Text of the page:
Feb 29, 2024 - News

Maricopa recorder Stephen Richer gets primary challenge from the right

A man speaks into microphones at a podium with a group of people behind him holding signs with his name.

State Rep. Justin Heap (R-Mesa) announces his campaign for Maricopa County recorder outside the Senate with a group of legislators behind him. Photo: Jeremy Duda/Axios

Conservative state Rep. Justin Heap launched a GOP primary challenge to Maricopa County Recorder Stephen Richer — a prominent target of people who falsely believe the past two elections in Arizona were rigged.

Why it matters: Heap's entrance sets up a competitive primary in the race to determine who will manage the county's elections.

  • He was joined at a Wednesday press conference by Republican lawmakers who have espoused conspiracy theories about rigged 2020 and 2022 elections.

Reality check: Most election procedures are either dictated by state law or the secretary of state's office or are decided by the county's board of supervisors.

  • Election Day operations in Maricopa are run by an elections director who answers to the board, not the recorder.

Zoom in: On Wednesday, Heap said Maricopa County has been plagued by years of election problems, and he accused Richer of diminishing voter confidence.

  • He cited Arizona's notorious delayed results, (which have stemmed from laborious signature verification for early ballots dropped off on Election Day), and hours-long lines at voting centers in 2022 (which were caused by equipment problems).
  • He also noted that Richer created a political action committee to influence races in the 2022 election that his office oversaw.

The other side: Richer tells Axios he's always followed the law as county recorder, citing his successful record in the face of lawsuits against his office.

  • "Some of these things might sound nice, but anyone who's actually worked in this process would look at that and say this person doesn't know what they're talking about. Which is true. But that's OK," he tells Axios.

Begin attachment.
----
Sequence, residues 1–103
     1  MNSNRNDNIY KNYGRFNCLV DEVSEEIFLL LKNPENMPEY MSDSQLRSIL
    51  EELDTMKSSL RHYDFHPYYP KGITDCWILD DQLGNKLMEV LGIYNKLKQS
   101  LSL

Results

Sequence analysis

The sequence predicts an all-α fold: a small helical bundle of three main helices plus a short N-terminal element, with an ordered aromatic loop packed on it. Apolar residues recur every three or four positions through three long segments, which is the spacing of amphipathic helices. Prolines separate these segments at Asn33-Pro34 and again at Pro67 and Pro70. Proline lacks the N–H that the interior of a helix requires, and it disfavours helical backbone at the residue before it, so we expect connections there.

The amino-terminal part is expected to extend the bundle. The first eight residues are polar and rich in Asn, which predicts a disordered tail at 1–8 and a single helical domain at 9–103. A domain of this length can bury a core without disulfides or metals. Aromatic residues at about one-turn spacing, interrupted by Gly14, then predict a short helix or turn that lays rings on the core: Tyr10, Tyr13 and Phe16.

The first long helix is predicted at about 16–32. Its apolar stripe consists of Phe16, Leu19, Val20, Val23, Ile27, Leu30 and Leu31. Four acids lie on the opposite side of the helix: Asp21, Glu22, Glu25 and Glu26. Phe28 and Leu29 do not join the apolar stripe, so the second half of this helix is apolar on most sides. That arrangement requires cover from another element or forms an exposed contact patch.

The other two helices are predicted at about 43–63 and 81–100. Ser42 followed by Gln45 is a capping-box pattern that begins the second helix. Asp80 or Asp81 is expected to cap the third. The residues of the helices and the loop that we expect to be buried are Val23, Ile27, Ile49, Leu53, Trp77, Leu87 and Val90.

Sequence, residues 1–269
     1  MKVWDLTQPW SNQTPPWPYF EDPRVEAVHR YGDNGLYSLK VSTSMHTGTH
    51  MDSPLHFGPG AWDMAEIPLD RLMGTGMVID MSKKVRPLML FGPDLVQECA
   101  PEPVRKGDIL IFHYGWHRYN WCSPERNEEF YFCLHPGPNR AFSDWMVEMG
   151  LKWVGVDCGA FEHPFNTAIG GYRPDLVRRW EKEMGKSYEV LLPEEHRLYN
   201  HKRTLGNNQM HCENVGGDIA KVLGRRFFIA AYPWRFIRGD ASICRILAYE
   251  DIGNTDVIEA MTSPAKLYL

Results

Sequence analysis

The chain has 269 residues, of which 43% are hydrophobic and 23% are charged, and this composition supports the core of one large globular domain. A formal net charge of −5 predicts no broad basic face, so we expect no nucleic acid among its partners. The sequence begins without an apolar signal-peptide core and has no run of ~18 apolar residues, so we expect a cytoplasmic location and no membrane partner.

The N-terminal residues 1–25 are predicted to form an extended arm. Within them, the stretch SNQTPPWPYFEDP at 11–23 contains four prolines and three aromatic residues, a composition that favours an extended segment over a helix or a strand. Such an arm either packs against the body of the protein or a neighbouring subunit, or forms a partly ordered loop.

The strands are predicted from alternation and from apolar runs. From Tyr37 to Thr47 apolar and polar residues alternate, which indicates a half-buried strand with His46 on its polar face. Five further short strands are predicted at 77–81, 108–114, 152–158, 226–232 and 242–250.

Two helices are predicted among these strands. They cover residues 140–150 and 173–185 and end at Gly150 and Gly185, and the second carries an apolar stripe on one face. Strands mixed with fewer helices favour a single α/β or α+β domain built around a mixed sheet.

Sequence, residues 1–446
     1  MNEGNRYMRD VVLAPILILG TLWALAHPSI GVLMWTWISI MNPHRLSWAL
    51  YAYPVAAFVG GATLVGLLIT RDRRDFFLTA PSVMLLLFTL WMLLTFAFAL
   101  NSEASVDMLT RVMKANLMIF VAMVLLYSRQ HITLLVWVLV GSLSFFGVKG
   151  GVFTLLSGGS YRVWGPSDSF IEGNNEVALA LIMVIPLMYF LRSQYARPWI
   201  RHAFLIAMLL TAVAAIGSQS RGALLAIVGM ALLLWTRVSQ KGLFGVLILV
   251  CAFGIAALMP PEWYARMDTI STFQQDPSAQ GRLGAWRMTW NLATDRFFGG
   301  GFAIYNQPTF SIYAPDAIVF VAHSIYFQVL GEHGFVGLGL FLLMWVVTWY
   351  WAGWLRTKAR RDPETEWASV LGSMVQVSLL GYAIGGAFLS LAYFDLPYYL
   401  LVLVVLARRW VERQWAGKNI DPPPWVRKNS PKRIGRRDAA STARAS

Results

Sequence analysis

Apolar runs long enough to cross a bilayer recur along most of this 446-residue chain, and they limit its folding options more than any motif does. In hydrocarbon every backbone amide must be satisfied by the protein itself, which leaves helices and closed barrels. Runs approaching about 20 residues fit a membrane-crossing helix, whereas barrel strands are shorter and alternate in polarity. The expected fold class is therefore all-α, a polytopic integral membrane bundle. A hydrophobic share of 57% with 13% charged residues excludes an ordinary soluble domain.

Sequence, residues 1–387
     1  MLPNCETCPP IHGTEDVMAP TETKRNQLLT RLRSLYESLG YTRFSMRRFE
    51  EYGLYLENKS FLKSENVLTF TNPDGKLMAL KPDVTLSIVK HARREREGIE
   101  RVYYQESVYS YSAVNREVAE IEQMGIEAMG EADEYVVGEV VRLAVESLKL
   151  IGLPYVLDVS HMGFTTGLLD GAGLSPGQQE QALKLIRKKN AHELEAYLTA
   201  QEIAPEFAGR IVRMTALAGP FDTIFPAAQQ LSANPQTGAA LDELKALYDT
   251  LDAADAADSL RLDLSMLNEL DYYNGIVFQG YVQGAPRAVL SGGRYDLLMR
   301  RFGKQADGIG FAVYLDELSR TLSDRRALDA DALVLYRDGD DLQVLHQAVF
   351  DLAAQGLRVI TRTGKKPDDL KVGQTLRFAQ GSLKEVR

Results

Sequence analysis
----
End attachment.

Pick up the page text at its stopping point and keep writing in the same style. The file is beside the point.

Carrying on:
Zoom out: Heap criticized Richer for some issues that are outside of the recorder's authority.

Between the lines: Heap wouldn't say whether he believed the 2022 election was stolen from GOP nominee Kari Lake, who has filed multiple failed lawsuits alleging she's the rightfully elected governor. He told reporters, "I'm an attorney. I will only make statements I feel I can prove."

  • He also wouldn't say after the press conference whether thinks President Biden won Arizona in 2020, saying he's "not interested in rehashing" what happened in past elections.

What he's saying: "Ensuring that voters have confidence in our elections and that Arizona's election days are run honestly, transparently and securely is the civil rights issue of our time," Heap said.

Flashback: Shortly after taking office in January 2023, Heap asked a lobbyist who'd requested a meeting whether they'd contributed to his campaign, saying, "I need to prioritize which meetings I can take."

  • "And if not, why did you (or your clients) decide not to do so?" he asked.

The intrigue: Several other Republicans have filed to run for recorder, and that could aid Richer by splitting the opposition vote.


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